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HMV and Little Nipper

The RCA "Nipper" and His Master's Voice goes back a very very long way to the Victor Talking Machine Co. (USA) and The Gramophone Co. (UK) at the turn of the 20th century and exchange of copyrights etc.

Nipper was in fact a real dog. (1884-1895) Painted listening to a cylinder record ... repainted with a gramophone the painting became the trademark for Victor and HMV (UK).

So RCA (which bought Victor in the 1920s) owns the trademark for the US and HMV (UK) for outside the US.

HMV/EMI was part of the consortium that developed 405 line tv in the 1930s.

Like RCA ... now just brand name for Warner or Universal or Sony.
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  #10  
Old 12-24-2016, 03:52 AM
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If the CRT's are good in those sets the resto should be fairly easy as they will have polyester caps rather than paper ones. You may find a few high value resistors and a few low emission valves but other than that they should come up well. The middle console looks mint cabinet wise. It's hard to find good resto prospects in Aus so a great haul you have there.
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  #11  
Old 12-25-2016, 01:56 PM
dieseljeep dieseljeep is offline
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Quote:
Originally Posted by Fairlane500skyliner View Post
I recently embarked on a 12-hour drive south to Canberra (where I currently am until later in the week), and made a stop along the way to visit a fellow collector (RetroFormat32) and make a trade. I ended up trading several 1970s/80s colour sets and an early 1990s B&W portable for two vintage B&Ws - a 1960 HMV "Rangemaster" P1-AH and 1970 HMV "Trent" V6-BN. I also had a HMV at my dad's house in Canberra - a 1968 HMV "Wentworth" PU-AF that had been rescued for $50 from a recycling centre shop.

The HMV Rangemaster in the first photo is in rough shape. I was originally considering stripping it down for parts, but have since changed my mind. I've only ever seen one other of these, and it's a relatively old set, so it's worthy of restoration. Even if the CRT is buggered or the chassis requires some "unobtanium" part, it will make a nice "display-only" set when the cabinet is finished (same for any set of the era that can't be electronically restored). It will need a fair bit of work - Refinishing the cabinet, re-building the bottom of the cabinet, replacing the tuning scale, finding four knobs, re-plating the badges, and repairing a missing chunk on the plastic control panel.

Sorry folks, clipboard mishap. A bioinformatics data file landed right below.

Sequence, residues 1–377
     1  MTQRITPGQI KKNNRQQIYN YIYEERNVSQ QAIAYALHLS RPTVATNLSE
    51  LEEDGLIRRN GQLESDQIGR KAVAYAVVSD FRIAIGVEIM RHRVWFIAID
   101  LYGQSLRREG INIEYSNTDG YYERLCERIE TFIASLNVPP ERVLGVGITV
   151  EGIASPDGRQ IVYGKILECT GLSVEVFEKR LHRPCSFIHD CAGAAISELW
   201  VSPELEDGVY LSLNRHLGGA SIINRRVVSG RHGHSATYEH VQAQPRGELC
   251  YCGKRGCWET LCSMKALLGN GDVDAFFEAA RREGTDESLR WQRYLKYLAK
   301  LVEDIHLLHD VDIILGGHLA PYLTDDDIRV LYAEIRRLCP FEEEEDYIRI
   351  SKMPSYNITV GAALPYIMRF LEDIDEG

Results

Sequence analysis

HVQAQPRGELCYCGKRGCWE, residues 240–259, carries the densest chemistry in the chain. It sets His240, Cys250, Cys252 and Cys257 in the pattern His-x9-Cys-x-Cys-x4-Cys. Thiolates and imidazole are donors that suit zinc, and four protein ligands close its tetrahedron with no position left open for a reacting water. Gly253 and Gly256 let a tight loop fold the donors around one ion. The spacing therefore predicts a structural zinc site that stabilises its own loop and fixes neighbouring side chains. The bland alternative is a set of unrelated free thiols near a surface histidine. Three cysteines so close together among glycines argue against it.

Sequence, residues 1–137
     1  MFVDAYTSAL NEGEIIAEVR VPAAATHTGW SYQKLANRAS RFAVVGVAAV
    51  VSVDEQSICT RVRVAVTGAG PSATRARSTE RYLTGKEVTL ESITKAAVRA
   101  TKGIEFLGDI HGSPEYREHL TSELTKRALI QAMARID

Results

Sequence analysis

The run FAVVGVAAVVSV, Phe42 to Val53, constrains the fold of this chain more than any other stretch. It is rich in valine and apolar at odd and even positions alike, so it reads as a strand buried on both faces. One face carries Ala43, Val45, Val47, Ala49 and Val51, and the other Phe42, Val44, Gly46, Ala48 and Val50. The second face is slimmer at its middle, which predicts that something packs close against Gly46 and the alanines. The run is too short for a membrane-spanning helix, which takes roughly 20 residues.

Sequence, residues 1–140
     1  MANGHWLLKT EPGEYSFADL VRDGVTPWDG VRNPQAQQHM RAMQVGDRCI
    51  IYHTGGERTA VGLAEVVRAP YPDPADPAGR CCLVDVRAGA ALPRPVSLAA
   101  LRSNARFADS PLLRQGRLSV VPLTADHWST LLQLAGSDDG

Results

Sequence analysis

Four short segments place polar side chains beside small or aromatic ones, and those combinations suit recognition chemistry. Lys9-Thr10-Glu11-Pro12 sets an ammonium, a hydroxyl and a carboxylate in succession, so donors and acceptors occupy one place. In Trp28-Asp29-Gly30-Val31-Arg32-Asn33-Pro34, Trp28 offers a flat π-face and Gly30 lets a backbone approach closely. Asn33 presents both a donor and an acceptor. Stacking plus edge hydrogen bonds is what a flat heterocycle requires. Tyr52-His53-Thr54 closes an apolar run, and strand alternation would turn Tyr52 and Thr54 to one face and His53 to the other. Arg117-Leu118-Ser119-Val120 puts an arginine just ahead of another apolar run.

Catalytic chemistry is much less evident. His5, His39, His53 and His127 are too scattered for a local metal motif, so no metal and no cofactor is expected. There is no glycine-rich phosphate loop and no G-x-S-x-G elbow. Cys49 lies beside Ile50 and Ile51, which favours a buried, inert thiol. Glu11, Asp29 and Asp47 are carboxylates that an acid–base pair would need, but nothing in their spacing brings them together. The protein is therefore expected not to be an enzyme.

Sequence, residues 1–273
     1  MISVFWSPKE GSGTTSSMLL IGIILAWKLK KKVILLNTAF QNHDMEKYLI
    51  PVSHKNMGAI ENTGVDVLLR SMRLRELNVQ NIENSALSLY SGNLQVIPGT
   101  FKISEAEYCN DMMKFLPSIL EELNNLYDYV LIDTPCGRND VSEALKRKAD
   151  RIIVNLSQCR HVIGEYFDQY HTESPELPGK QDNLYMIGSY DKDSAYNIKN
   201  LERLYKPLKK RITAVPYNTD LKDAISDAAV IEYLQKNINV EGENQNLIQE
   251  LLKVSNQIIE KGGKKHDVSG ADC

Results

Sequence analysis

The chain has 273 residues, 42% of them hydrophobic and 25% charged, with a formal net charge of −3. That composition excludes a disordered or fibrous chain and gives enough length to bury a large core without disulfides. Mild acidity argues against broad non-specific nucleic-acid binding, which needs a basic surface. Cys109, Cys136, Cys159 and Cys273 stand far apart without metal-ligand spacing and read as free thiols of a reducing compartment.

The HMV Trent is in much better shape. The cabinet top and sides need to be stripped and re-finished, the legs need to be re-finished (as with most low-boys), and I need to find a replacement knob for it (as one is missing). Electronically, it's already had some work done by someone else, though is still suffering from loss of vertical deflection.

The HMV Wentworth is, aside from some small nicks, essentially mint. It's been very well looked after, though was quite dusty inside. The set is suffering from a problem in the Horiz. Output/EHT circuits, resulting in the EHT from the flyback (haven't yet checked the voltage on the circuit diagram) failing to reach the CRT. I've checked the usual suspect resistors and tubes to no avail, so I'll look into it closer at a later stage.

I also have a 1965 HMV "Windsor" V1-AH console in my collection (last two photos), so the addition of the Rangemaster and Wentworth means that I have a complete line-up of the three HMV console television styles of the 1960s. HMV low-boys of the era used the same designs and went through the same design changes as their console counterparts, so I can pretty much say that I have a line-up of the three main HMV television styles from 1960s Australia.

I have developed quite a liking for the mid-1960s to early-1970s HMVs due to their "serviceman-friendly" chassis. The "drop-down" design enables unobstructed and easy access to both sides of the chassis, as well as the other components (tuner, CRT and speakers). I'd like to eventually build up a larger collection of 1960s and possibly early-1970s HMV sets, as the easy-access chassis and appealing design make them nice sets to work on and collect.

EDIT: Be sure to check out my Youtube videos of the sets! There are several restoration-progress videos for the HMV Windsor.

1960 HMV Rangemaster - https://www.youtube.com/watch?v=MWSDh2TiZj4
1965 HMV Windsor - https://www.youtube.com/watch?v=JYUgni30mjE
1968 HMV Wentworth - https://www.youtube.com/watch?v=CILlokJuk8s
1970 HMV Trent - https://www.youtube.com/watch?v=UOKxHq9E_N4

Chris
I'd like to see the Schematic of the set. Schematics are the universal language of the collector crowd!
The set sure looks like it was built in Chicago, USA.